Jerome: But if He forbids us to judge, how then does Paul judge the Corinthian who had committed uncleanness? Or Peter convict Ananias and Sapphira of falsehood?

    Pseudo-Chrysostom: But some explain this place after a sense, as though the Lord did not herein forbid Christians to reprove others out of good will, but only intended that Christians should not despise Christians by making a show of their own righteousness, hating others often on suspicion alone, condemning them, and pursuing private grudges under the show of piety.

    Chrysostom: Wherefore He does not say, 'Do not cause a sinner to cease,' but do not judge; that is, be not a bitter judge; correct him indeed, but not as an enemy seeking revenge, but as a physician applying a remedy.

    Pseudo-Chrysostom: But that not even thus should Christians correct Christians is shewn by that expression, "Judge not."

        But if they do not thus correct, shall they therefore obtain forgiveness of their sins, because it is said, "and ye shall not be judged?" For who obtains forgiveness of a former sin, by not adding another thereto? This we have said, desiring to shew that this is not here spoken concerning not judging our neighbor who shall sin against God, but who may sin against ourselves. For whoso does not judge his neighbor who has sinned against him, him shall not God judge for his sin, but will forgive him his debt even as he forgave.

    Chrysostom: Otherwise; He does not forbid us to judge all sin absolutely, but lays this prohibition on such as are themselves full of great evils, and judge others for very small evils. In like manner Paul does not absolutely forbid to judge those that sin, but finds fault with disciples that judged their teacher, and instructs us not to judge those that are above us.

    Hilary: Otherwise; He forbids us to judge God touching His promises; for as judgments among men are founded on things uncertain, so this judgment against God is drawn from somewhat that is doubtful. And He therefore would have us put away the custom from us altogether; for it is not here as in other cases where it is sin to have given a false judgment; but here we have begun to sin if we have pronounced any judgment at all.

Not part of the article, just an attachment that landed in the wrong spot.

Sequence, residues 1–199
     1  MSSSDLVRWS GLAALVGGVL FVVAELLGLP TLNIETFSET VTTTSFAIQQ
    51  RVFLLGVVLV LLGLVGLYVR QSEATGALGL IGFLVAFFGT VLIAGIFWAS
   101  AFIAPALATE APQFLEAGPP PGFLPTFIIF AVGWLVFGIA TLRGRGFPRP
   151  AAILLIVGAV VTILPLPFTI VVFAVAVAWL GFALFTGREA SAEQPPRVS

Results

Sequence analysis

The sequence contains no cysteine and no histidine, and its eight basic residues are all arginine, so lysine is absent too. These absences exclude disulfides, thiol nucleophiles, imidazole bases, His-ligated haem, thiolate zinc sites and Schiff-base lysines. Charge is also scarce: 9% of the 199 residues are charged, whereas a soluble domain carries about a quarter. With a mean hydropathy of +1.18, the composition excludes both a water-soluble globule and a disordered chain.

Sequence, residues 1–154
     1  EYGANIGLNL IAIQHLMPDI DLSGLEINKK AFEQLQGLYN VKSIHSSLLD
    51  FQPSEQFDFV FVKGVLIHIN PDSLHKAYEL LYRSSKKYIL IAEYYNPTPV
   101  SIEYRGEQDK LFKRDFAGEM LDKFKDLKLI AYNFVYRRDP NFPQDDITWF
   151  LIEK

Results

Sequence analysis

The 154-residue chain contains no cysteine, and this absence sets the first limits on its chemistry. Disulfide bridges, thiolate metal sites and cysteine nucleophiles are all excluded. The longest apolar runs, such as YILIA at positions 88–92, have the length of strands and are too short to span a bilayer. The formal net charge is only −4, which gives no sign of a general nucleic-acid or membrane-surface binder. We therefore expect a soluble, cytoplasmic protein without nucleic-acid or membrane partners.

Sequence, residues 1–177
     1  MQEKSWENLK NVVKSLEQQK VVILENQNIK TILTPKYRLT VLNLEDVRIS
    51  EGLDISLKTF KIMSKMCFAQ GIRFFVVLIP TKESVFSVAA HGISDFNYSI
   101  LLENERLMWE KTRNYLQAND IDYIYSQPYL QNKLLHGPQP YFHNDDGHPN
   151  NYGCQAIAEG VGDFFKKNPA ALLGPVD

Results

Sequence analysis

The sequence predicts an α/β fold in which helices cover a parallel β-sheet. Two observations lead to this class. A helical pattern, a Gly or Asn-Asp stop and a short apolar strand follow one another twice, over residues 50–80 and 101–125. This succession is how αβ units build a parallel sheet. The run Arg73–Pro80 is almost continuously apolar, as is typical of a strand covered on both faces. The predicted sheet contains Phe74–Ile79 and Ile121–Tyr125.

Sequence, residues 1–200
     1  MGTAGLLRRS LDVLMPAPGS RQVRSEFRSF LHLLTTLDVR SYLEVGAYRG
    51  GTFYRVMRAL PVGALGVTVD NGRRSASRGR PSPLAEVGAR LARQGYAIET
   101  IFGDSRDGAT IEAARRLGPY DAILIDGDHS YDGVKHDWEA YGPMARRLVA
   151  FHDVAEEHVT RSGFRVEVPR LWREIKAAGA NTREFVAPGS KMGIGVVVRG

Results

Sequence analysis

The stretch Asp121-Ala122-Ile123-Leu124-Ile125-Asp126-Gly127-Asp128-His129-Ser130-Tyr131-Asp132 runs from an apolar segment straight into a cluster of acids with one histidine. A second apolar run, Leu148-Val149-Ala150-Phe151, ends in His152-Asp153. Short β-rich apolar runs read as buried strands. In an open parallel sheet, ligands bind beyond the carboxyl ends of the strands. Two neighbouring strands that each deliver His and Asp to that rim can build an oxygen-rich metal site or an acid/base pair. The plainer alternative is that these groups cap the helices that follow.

3 Any why seest thou the mote (particle - JG) that is in thy brother's eye; and seest not the beam that is in thy own eye?

    "Mote and beam," light and grievous sins. (Menochius)

4 Or how sayest thou to thy brother: Let me cast the mote out of thy eye: and behold a beam is in thy own eye?

5 Thou hypocrite, cast out first the beam out of thy own eye, and then shalt thou see to cast out the mote out of thy brother's eye.

        Thou hypocrites, cast out first the beam, &c. Correct first thy own greater faults, before thou censure the lesser failings of others. (Witham)

    Augustine: The Lord having admonished us concerning hasty and unjust judgment; and because that they are most given to rash judgment, who judge concerning things uncertain; and they most readily find fault, who love rather to speak evil and to condemn than to cure and to correct; a fault that spring either from pride or jealousy - therefore He subjoins, "Why seest thou the mote in thy brother's eye, and seest not the beam in thy own eye?"

    Jerome: He speaks of such as though themselves guilty of mortal sin, do not forgive a trivial fault in their brother.

    Augustine: As if he perhaps have sinned in anger, and you correct him with settled hate. For as great as is the difference between a beam and a mote, so great is the difference between anger and hatred. For hatred is anger become inveterate (Firmly established - JG). It may be if you are angry with a man that you would have him amend, not so if you hate him.

    Chrysostom: Many do this, if they see a Monk having a superfluous garment, or a plentiful meal, they break out into bitter accusation, though themselves daily seize and devour, and suffer from excess of drinking.

    Pseudo-Chrysostom: Otherwise; This is spoken to the doctors. For every sin is either a great or a small sin according to the character of the sinner. If he is a laic, it is small and a mote in comparison of the sin of a priest, which is the beam.

    Hilary: Otherwise; The sin against the Holy Spirit is to take from God power which has influences, and from Christ substance which is of eternity, through whom as God came to man, so shall man likewise come to God. As much greater then as is the beam than the mote, so much greater is the sin against the Holy Spirit than all other sins. As when unbelievers object to others carnal sins, and secrete in themselves the burden of that sin, to wit, that they trust not the promises of God, their minds being blinded as their eye might be by a beam.

    Pseudo-Chrysostom: That is, with what face can you charge your brother with sin, when yourself are living in the same or a yet greater sin?

    Augustine: When then we are brought under the necessity of finding fault with any, let us first consider whether the sin be such as we have never had; secondly that we are yet men, and may fall into it; then, whether it be one that we have had, and are now without, and then let our common frailty come into our mind, that pity and not hate may go before correction. Should we find ourselves in the same fault, let us not reprove, but groan with the offender, and invite him to struggle with us. Seldom indeed and in cases of great necessity is reproof to be employed; and then only that the Lord may be served and not ourselves.